Simple ways to make your coffee healthier

by Kaiser Permanente |
Smiling older man holds cup of coffee

From that first cup in the morning to the occasional afternoon treat, coffee is a beloved and popular drink. In fact, Americans now drink more coffee than ever. Coffee consumption is up by 5% since 2015 — and 62% of Americans drink coffee every day.1 Its popularity has even spilled into internet culture with the trendy saying, "But first, coffee."

Drinking coffee and tea has also been linked to a range of health benefits for the brain, lungs, liver, metabolism, and more.2 But what happens when we add too much milk, cream, or sweetener? A coffee drink loaded with sugar and calories can turn into an unhealthy beverage choice. The good news is you can still have your coffee and make it healthy.

To help get new ideas brewing, Sean Hashmi, MD, physician and regional director of weight management and clinical nutrition for Kaiser Permanente Southern California, shares these recommendations on how to drink your coffee — and feel good about it.

Drink it black

The healthiest way to drink coffee is plain with nothing added — also known as drinking it black. Dr. Hashmi explains, "Ideally, you shouldn’t put sugar in your coffee. If you train your taste buds to have your coffee sweetened, you’ll crave that sweetness like an addiction." We know that when it comes to sugar and sweeteners, less is always best.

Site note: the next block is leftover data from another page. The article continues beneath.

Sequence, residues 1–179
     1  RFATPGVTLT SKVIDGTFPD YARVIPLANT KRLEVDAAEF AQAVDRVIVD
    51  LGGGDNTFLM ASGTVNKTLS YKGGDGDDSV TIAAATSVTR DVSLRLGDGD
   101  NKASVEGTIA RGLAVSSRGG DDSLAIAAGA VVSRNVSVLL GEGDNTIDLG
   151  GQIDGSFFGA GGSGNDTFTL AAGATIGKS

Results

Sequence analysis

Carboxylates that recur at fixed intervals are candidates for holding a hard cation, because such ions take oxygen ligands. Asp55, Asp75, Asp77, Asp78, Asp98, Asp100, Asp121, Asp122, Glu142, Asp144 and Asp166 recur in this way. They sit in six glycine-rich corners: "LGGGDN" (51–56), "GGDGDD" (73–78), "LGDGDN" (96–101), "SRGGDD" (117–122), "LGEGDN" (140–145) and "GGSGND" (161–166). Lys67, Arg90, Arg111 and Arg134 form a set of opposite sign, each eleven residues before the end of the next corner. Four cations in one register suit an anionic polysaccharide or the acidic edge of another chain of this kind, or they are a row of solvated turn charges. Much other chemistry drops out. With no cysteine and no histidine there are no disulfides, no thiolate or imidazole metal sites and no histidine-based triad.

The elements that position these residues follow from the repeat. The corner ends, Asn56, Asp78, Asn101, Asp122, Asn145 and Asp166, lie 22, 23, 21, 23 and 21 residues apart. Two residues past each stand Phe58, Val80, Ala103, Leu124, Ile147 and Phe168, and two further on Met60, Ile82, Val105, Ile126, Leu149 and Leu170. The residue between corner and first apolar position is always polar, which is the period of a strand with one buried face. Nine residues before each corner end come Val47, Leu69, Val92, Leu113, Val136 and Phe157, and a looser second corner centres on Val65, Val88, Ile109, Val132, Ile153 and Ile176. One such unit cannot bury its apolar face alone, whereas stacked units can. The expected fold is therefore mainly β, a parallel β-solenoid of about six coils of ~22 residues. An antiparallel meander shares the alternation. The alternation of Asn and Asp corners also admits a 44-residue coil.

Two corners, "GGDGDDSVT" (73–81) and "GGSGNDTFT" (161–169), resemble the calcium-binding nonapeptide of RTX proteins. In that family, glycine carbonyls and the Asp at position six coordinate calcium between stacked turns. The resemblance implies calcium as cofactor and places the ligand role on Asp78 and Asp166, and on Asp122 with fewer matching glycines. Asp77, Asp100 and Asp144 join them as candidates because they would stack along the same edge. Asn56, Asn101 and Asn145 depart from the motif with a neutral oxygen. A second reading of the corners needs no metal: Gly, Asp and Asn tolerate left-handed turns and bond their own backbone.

Try plant-based milks

If you’re adding milk to your coffee, unsweetened plant-based milks usually have less sugar than regular cow’s milk. "Replacing dairy milk with a nut-based milk is a healthy habit that can reduce saturated fats that can cause issues like heart disease and diabetes," says Dr. Hashmi.

Spice it up

There are some spices like cinnamon, nutmeg, cacao, and ginger that have a natural sweetness and flavor to them. You can add them to your coffee grounds before brewing or sprinkle them directly in your cup for a change of taste. For another buzz-worthy recipe, try making your own cold brew coffee. Brewing at a lower temperature can give you a smooth coffee that’s lower in acidity and bitterness.

Consider the caffeine

The maximum recommended amount of caffeine per day is 400 milligrams, which is about 4 cups of brewed coffee. So, if you’re drinking more than 4 cups of coffee per day, you should try a combination of caffeinated and decaffeinated. Keep in mind some coffee shop drinks have more than 1 cup per serving, depending on the size. Dr. Hashmi says, "It’s also a good idea to avoid caffeinated beverages after 10 a.m. Consuming caffeine throughout the day can lead to a jittery feeling or sleep issues at night."

Be good to your body

Dr. Hashmi explains, "There are many benefits to drinking coffee, but you have to be mindful about how you drink it. When it comes to nutrition, I like to think that what you put in your body must have a good ROI (return on investment). If you don’t get anything nutritious out of it, it’s not worth your time."

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"NCA Releases Atlas of American Coffee," National Coffee Association,, March 26, 2020.

Rob M. van Dam, PhD, et al., "Coffee, Caffeine, and Health," The New England Journal of Medicine, July 23, 2020.